Terry Crews is not only one of our favorite actors and comedians, but also one of the first #MeToo stories to bravely come out of Hollywood.
Ever since the name of the anonymous culprit in his story went viral, Crews has been moving full speed ahead with a civil lawsuit and criminal complaint against the agent he claims groped him at a party in 2016.
For the civil suit, TMZ is reporting that Adam Venit, the accused WME agent, has filed a stipulation with his lawyers. The stipulation asks for Crews to provide a 7-hour mental health examination before continuing to proceed.
According to TMZ, both parties have agreed to the terms and a specifically named doctor for the event. The exam will reportedly include a “comprehensive psycho-social and medical history and the administration of mental status testing and psychological testing.”
Crews #MeToo Moment
Crews came forward with disturbing details about the sexual assault he claims he endured from the high-powered agent who reps Adam Sandler and Eddie Murphy among others, on Good Morning America in November, 2017.
“He’s connected to probably everyone I know in the business,” he said. “I did not know this man. I have never had a conversation with him, ever. I knew of him…The first time I ever had an interaction with him was at this event.
He went on to describe the disgusting behavior that followed.
“I’m looking at him and he’s basically staring at me and he’s sticking his tongue out. Just overtly sexual kind of tongue moves. It’s a party, it’s packed, the whole thing,” he explained. “And I’m looking like, ‘Is this a joke? I don’t understand.’ It was actually so bizarre. And he keeps coming over to me. I stick my hand out and he literally takes his hand and puts it, squeezes my genitals. And I jump back like, ‘Hey, hey!’ … I go, ‘Dude, what are you doing?’”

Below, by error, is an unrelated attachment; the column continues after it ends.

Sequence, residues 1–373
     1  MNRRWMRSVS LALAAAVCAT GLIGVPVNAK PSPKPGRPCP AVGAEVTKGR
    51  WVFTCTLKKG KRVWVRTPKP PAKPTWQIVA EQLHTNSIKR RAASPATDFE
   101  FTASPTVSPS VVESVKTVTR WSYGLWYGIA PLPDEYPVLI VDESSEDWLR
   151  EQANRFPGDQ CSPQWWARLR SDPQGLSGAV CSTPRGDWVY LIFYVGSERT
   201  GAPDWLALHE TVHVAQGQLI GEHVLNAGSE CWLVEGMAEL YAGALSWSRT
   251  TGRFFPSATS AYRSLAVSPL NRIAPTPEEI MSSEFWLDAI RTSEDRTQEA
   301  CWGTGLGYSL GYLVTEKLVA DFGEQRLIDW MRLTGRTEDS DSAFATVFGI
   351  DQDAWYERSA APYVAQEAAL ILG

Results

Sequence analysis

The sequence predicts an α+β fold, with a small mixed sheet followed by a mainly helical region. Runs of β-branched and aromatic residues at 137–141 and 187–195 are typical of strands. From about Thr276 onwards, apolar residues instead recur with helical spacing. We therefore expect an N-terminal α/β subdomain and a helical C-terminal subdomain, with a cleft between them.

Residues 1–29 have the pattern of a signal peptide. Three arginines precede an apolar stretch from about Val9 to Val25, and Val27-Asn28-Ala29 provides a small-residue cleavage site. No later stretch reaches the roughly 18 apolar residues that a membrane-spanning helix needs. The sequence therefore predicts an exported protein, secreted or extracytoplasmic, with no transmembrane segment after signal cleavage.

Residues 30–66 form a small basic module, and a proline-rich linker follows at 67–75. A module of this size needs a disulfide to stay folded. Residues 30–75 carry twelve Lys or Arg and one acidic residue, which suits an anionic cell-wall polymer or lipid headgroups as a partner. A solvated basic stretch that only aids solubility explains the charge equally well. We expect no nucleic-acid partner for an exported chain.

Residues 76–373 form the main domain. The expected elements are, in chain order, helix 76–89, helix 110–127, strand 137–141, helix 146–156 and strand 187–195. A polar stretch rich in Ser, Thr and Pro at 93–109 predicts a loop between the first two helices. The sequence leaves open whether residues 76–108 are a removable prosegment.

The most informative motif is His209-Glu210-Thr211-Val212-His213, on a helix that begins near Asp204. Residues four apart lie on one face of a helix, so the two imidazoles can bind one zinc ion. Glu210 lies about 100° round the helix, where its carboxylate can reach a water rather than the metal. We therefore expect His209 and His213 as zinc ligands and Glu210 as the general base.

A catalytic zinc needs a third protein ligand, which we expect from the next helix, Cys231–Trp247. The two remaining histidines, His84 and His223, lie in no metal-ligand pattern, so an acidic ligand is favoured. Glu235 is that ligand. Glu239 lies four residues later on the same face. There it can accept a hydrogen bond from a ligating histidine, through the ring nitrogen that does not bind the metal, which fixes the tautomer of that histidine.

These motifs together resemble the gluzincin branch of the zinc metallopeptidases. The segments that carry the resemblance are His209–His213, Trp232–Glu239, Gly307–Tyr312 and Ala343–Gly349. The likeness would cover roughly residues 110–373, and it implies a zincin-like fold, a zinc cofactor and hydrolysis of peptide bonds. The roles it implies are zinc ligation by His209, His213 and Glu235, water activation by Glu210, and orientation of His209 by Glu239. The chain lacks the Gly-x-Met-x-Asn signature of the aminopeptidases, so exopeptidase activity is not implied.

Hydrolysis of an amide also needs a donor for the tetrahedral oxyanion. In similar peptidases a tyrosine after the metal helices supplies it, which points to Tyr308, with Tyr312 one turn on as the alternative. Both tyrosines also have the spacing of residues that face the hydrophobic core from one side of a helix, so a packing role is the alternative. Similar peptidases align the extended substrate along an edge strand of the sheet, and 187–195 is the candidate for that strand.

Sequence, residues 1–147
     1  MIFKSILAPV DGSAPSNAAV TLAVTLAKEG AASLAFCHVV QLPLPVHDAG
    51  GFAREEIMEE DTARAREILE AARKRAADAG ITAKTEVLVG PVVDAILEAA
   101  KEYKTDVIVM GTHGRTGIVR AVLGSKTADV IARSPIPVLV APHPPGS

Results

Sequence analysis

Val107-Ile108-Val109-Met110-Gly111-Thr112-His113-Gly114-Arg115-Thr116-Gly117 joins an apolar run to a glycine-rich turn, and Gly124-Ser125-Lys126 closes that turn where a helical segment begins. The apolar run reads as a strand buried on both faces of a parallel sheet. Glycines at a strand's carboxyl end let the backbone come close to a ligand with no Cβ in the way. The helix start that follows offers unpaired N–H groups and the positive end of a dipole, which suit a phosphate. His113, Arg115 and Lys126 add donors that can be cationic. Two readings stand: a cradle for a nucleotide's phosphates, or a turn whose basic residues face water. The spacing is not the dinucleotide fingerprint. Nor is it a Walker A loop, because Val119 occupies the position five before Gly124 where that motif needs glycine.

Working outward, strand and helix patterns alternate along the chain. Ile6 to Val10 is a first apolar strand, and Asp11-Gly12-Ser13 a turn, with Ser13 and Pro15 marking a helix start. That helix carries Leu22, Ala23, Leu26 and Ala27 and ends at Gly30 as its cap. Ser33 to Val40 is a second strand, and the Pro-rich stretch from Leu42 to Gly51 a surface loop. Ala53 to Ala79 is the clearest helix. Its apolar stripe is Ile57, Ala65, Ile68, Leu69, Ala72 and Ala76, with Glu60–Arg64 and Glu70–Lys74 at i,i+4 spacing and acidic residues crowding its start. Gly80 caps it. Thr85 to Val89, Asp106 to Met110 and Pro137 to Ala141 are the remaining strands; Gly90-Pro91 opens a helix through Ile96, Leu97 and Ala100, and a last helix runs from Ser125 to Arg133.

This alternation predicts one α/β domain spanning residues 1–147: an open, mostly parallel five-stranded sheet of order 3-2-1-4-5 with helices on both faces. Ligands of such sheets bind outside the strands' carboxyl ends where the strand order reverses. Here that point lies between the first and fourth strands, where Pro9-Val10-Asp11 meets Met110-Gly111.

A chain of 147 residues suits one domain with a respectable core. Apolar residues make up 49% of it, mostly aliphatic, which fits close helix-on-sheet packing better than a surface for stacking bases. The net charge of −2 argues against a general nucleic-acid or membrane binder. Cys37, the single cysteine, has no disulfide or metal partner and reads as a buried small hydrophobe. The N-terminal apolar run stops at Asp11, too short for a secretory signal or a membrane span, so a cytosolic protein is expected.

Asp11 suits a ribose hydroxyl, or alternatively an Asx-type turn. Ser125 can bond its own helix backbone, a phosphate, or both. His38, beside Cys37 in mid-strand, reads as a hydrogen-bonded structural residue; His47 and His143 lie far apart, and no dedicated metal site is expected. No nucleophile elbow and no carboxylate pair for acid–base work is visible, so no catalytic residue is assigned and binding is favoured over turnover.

Shockingly, the unwanted advances didn’t stop there.
“And then he comes back again and he just won’t stop. And then I really got forceful, pushed him back, he bumps into all the other partygoers and he starts giggling and laughing,” he said. “I have never felt more emasculated, more objectified. I was horrified. I went over to Adam (Sandler) right then and there and said, ‘Man, come get your boy. What is his problem?’”
Controversy and Backlash
Crews went on to say that he believes executives at WME Entertainment, the talent agency founded by the alleged abuser, Venit, asked Russell Simmons to “pressure” him into dropping his sexual assault case.
Crews had publicly described a private tweet he received from Simmons that asked him to “give the agent a pass.”
“Somehow they thought he was the ‘King of Black people’,” he wrote of Simmons, before adding, “Someone hacked into the computer my son and I built together. I have to shut it down and replace the hard drive.”
What’s more, Crews suggested that Venit or his agency could have a hand in seeking harm against him.
“LAPD task force detectives let me know these people don’t play fair. There are a lot of secrets to protect, and they will do anything to keep them. The town is compromised,” he wrote.
“But me, and my team, are not. If I were to have a timely ‘accident’— you know where to look. Retaliation in some form is expected- I would be naive to think otherwise…But vulnerability and openness is actually my best protection. I’m ready.”
According to The Hollywood Reporter, Crews says WME had ignored Venit’s “long history of bizarre behavior” because he had done so well for the agency representing an A-list roster of talent. Although WME did ultimately suspend Venit for a month and hit him with a demotion, Crews doesn’t believe that is enough to make up for what happened to him.
After weeks of silence, the agency issued a response saying that they didn’t just stand by and do nothing as Crews claims.
“That same day [after the initial incident], Mr. Venit called Mr. Crews and apologized. Mr. Crews accepted the apology and then told the only two WME employees to whom he had spoken about the incident that everything was okay. That was the last mention Mr. Crews made of the incident to anyone at WME for nearly 18 months — during which time he remained a WME client. That is no surprise since, as Mr. Crews admitted in his later Tweets, he had ‘decided not to take it further’ and ‘let it go.’”
WME also implied that it was unfair for Crews to put himself in the #MeToo movement.
By going public with his story, WME believes that Crews added himself in the same category as the men and women who have repeatedly endured sexual harassment and assault in order to keep their livelihoods intact while powers that be looked the other way.
The agency went on to say that it had acted swiftly by meeting with Crews and encouraged him to tell his story when he went public. Therefore, they claimed, they were not liable for what happened.
WME suspended Venit without pay for one month and demoted him.